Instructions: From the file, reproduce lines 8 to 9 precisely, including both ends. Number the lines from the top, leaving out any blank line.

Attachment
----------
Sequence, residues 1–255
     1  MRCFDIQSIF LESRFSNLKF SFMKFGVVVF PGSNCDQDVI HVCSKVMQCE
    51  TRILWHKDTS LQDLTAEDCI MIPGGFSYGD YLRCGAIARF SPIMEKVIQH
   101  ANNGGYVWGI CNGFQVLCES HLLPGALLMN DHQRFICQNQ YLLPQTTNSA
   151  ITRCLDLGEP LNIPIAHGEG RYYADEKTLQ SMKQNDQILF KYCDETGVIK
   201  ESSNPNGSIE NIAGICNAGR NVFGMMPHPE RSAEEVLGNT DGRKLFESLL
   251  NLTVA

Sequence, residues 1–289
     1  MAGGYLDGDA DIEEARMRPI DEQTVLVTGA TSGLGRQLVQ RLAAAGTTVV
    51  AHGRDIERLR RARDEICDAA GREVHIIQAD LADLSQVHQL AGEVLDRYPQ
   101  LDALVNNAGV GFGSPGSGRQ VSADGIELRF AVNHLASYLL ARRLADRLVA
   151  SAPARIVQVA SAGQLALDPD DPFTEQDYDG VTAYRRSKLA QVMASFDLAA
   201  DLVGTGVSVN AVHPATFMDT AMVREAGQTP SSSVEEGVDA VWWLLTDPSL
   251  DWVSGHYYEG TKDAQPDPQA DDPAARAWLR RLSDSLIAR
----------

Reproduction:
Sequence, residues 1–289
     1  MAGGYLDGDA DIEEARMRPI DEQTVLVTGA TSGLGRQLVQ RLAAAGTTVV